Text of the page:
4 Careers of the future
In this section you will fast forward to the long-term vision, to give a sense of the kind of changes the government anticipates might – or might not – come in the next 15 years. No one can predict the future, but awareness of possible major change in an occupational sector can help people to assess levels of risk and respond ahead of time. How future aware are you?
In 2014 the UK Commission for Employment and Skills (UKCES) produced The Future of Work: Jobs and Skills in 2030. They suggested different possible scenarios for work in the future – each dependent upon the way in which the economy may, or may not, grow (UKCES, 2014). Two of these scenarios are presented below: Figure 1 shows ‘business-as-usual’, which looks at how the way we work now will gradually change in the future; Figure2 shows a more disruptive ‘skills activism’ scenario.
Common to both scenarios is the increasing influence of online working and creation of a ‘virtual’ workforce, artificial intelligence and robotics. Some projections from the United States (US) have robotics and artificial intelligence automating more than 40% of jobs in the US in the next 20 years.
The business-as-usual scenario (Figure 1) looks at the implications of increasing forced flexibility of workers and increased competition for lower skilled jobs. Skills activism projects (Figure 2) what could happen if current technological change leads to large-scale job losses.
Activity 6 Looking to 2030
Note down what you think is most striking about the two scenarios and how this information might relate to the sector in which you are working.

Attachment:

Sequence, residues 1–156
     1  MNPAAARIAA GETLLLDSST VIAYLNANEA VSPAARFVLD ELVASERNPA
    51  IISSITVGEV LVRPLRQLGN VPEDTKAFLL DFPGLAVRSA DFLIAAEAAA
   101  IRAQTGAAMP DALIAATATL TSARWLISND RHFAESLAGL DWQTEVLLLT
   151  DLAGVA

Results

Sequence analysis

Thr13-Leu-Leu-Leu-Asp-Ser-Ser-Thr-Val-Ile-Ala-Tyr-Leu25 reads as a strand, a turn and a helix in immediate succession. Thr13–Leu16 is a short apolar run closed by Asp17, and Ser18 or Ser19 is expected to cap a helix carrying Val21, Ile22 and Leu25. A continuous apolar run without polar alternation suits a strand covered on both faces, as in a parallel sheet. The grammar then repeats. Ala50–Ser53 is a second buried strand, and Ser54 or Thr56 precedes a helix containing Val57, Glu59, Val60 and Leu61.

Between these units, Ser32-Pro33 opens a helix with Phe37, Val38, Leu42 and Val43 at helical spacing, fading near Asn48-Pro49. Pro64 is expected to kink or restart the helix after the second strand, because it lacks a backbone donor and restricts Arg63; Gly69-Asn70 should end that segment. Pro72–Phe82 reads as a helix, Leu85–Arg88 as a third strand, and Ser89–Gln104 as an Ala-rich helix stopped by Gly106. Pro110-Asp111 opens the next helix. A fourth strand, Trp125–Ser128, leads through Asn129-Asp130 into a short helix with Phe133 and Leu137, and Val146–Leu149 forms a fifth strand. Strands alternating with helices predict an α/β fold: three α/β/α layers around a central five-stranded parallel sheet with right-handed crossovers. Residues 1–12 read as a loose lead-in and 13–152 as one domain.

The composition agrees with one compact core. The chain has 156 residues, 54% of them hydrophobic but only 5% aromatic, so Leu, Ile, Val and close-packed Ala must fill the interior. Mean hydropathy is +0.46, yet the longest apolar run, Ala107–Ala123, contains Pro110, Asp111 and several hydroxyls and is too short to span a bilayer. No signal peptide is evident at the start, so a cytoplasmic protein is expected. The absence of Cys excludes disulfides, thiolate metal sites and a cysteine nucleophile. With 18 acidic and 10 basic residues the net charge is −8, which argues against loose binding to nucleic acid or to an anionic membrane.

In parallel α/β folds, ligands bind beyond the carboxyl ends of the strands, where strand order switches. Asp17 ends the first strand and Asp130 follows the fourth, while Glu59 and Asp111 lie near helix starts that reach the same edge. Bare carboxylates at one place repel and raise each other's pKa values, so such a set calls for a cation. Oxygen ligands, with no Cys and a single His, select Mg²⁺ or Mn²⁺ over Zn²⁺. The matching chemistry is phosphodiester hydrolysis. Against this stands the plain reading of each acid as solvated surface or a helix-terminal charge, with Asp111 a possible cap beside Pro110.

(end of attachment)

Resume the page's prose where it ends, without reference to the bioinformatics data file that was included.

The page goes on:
What action do you think an individual could take to respond to these suggested pictures of the future?
Developments in technology, ICT and high-tech industries are a common theme. The need to learn new skills, or to update existing ones, will be increasingly important.
The Future of Work report identified that increased individual responsibility would be a key aspect of working life in the future. As the world of work becomes more flexible, employees will be expected to shoulder more and more responsibility for skills development. Self-management (e.g. juggling part-time roles with two employers), project management expertise and the ability to promote your personal brand will become increasingly vital.
Personal agility – the ability to adapt to or embrace change – is also important here. This will be particularly the case for young people who will be competing against those with more experience.
International competition and technological development are likely to continue to increase the flexibility that employers demand from their employees (UKCES, 2014).
These are scenarios of possible futures. No one can know what might come to be, and it is likely that wholly unanticipated trends will also play a part. However, given the scale of the possible change, career resilience looks likely to be needed increasingly.
How comfortable do you feel hedging your bets against eventualities which may never happen? Which are the aspects of these scenarios that might enthuse you? Confidence despite uncertainty is another aspect of career resilience you could consider.